It is done thus, * when you per∣ceive your Adversary thrusting at you, and you are not very certain of the Parade, then Break his measure, or make his thrust short of you, by either stepping a Foot, or half a foot back, with the single stepp, for if you Judge your Adversaries distance or mea∣sure well, half a foot will Break his measure as well as ten Ells: You are to Judge the distance your Adversary is from you by First considering the Distance his right Foot is from you, Secondly the Distance that there is betwixt his Feet. Now you must observe thir two Directions for although his right Foot be at a reasonable distance from you, yet if his Feet be near to other, then he will Page 96reach you as farr of, as if his right Foot had been nearer to you, and his Feet at a greater Distance, because the nearer that his Feet are together, the farther will his •orge reach: this needs no demonstration if you will but seriously consider it. So now in Judging of Distance, there are two things to be observed, first the Distance his right Foot is from you, Secondly, the distance betwixt his Feet, if you observe thir two Directions you cannot but judge your Ad∣versaries distance exactly, which is a chief point, in the Art of the small Sword, but as I said, * after you have Judged it, then to break it, you must when he is thrusting break it according to the Distance you think he is from you, by either throwing your Body backwards, and drawing your right foot a little to your left, which you must keep fast, this way of breaking of measure, is sore for ones back, and is not used, but when your Adversaries Thrust would not go farr by you; or you may, as I told you before, go back half a foot, a foot, o• as you Judge your Adversaries Distance, with the single stepp. This is the most ordinary, and, in my opinion, the best way of breaking of measure; or you may break your Adver∣saries measure, by Jumping backwards from Page 97him upon the streight line, but this way of breaking of measure is not much made use of, except just after you have given in a thrust your self, because it hindereth extreamly your Adversaries pursuit upon the respost, and therefore is a great deal more proper to be used upon that occasion, then upon any other, for in the ordinary breaking of Measure, if people should jump alwayes so far out of their Adversaries reach, people would have really ground to cry out against the breaking of Measure, for it would indeed look too like yielding of ground, which I am very farr against, it looking some what like cowardliness, but upon the contrarie, I am altogether for Judging of distance, and breaking of Measure. For I never accompt a Man a compleat Sword Man, untill he both know how to Judge distance, and break Measure, and also putteth them in practice, but I am altogether against yielding ground, unless it be done out of a good de∣sign which no Coward can do.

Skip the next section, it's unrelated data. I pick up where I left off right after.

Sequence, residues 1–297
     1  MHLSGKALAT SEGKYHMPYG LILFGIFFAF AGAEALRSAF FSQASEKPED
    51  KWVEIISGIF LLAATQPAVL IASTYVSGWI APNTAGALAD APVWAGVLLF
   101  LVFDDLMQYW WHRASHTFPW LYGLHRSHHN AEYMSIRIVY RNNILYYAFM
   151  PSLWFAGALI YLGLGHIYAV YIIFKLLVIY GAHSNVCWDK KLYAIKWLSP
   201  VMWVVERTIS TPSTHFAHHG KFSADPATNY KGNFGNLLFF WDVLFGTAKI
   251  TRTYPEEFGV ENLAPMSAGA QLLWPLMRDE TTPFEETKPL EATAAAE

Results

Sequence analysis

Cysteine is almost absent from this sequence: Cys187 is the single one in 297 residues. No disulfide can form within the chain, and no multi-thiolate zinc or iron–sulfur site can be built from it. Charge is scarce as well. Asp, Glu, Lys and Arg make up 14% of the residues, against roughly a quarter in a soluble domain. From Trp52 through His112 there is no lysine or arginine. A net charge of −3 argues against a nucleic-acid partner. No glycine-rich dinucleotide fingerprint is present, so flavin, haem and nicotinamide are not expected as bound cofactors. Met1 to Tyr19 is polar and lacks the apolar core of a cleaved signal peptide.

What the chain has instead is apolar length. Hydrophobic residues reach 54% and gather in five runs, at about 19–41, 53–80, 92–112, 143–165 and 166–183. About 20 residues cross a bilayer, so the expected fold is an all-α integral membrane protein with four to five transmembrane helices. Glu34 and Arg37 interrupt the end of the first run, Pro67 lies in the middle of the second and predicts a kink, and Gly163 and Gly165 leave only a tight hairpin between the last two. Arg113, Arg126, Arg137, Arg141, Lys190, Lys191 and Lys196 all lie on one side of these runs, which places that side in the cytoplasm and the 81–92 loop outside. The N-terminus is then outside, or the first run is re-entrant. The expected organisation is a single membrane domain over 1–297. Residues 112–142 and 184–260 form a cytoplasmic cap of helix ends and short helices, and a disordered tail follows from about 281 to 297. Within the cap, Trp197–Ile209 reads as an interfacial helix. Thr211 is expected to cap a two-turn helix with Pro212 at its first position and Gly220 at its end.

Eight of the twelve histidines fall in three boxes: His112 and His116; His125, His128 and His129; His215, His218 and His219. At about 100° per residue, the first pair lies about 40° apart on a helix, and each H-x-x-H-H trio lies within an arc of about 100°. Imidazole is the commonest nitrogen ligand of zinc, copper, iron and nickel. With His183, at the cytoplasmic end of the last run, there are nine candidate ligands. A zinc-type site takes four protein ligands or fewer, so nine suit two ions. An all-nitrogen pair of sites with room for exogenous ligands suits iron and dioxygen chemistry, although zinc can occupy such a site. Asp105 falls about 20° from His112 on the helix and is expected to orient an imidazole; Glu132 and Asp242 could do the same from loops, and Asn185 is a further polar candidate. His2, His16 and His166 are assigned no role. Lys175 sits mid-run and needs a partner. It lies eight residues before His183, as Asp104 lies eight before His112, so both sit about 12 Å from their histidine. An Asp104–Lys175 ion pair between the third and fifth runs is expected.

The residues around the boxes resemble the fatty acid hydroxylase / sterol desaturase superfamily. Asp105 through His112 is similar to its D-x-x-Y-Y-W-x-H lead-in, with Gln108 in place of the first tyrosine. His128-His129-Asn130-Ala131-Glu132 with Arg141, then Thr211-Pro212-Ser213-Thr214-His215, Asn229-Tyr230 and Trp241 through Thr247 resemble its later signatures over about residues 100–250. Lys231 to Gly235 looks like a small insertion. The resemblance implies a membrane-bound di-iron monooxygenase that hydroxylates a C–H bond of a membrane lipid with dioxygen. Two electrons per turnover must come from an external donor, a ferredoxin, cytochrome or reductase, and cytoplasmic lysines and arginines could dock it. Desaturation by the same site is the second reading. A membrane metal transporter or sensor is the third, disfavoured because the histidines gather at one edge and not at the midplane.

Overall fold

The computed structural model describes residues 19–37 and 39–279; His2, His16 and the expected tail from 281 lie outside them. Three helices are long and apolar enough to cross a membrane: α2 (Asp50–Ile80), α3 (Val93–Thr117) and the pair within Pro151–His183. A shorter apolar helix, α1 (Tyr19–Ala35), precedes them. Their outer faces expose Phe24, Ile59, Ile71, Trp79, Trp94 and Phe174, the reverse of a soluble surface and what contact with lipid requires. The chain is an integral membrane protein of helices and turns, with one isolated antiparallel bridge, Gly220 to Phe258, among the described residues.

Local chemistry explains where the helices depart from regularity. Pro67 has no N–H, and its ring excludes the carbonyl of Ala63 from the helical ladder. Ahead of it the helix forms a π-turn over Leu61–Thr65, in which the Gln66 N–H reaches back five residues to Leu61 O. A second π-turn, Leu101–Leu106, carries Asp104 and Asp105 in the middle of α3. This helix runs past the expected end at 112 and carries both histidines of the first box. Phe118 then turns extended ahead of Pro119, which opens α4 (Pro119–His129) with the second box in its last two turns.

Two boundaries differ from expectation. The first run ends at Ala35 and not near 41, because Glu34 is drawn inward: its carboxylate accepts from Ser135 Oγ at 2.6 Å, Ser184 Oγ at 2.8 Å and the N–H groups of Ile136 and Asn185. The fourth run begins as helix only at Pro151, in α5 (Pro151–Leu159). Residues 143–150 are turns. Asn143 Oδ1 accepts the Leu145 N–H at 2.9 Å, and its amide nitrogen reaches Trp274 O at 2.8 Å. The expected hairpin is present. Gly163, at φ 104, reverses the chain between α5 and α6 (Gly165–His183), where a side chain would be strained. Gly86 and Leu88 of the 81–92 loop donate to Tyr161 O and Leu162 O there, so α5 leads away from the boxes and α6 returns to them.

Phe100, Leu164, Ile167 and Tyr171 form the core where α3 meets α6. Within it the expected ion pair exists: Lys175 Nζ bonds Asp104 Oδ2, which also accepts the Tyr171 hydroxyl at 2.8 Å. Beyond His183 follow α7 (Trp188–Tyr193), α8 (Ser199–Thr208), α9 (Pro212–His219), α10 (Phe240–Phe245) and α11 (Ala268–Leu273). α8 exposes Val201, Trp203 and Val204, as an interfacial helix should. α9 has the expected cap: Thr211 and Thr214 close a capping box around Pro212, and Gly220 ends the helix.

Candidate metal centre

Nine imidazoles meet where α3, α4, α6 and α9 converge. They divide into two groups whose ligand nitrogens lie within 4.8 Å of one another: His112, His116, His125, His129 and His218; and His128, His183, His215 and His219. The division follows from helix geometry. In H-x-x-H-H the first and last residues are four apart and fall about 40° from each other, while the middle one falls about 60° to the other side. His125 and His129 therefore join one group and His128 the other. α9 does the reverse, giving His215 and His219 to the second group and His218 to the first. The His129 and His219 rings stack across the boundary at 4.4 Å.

Sir this is an extraordinary fine Lesson you have been explaining to me, and I am very much convinced of the usefulness of it.
Sir, people may talk what they please of breaking of Measure, but I assure you, it sheweth a Man's art, as much as Page 98any thing in all this art I have been explain∣ing to you.
Really it doth so, and upon that ao∣count, I will indeavour to become Master of it, but which is your next Lesson?
Lesson 20. Of Redoubling of Thrusts.
It is of Redoubling of Thrusts, and Gathering up of your left Foot, which is to be done thus, after you have let in your Thrust, and that your Adversarie hath broken your Measure,* and you at your Elonge, keeping your right Foot closs, draw your left so near to it, that you can either ap∣proach, or make another Elonge, just as you please, and when you Redouble or give in another Thrust, First Bind, for it is the securest way, and then give in your Thrust, it you can play this Lesson well, you may pursue your Adversarie, by this Redoubling, (although he should break your Measure) half a paire or more according to your strength, and when you Redouble, remember as a general rule, alwayes either Page 99to Beat, or Bind your Adversaries sword, before you offer to give the Thrust, for it will preserve you from a great many Contre∣temps.
I think this a very useful Lesson, for I per∣ceive it is just the contrary to retireing, or break∣ing of measure, which is a great preventer of all thrusts.
It is so, and if you learn not to do this Redoubling exactly, your Adversary may many a time shun your thrust, which (had you known how to Redouble) he might certainly have gotten.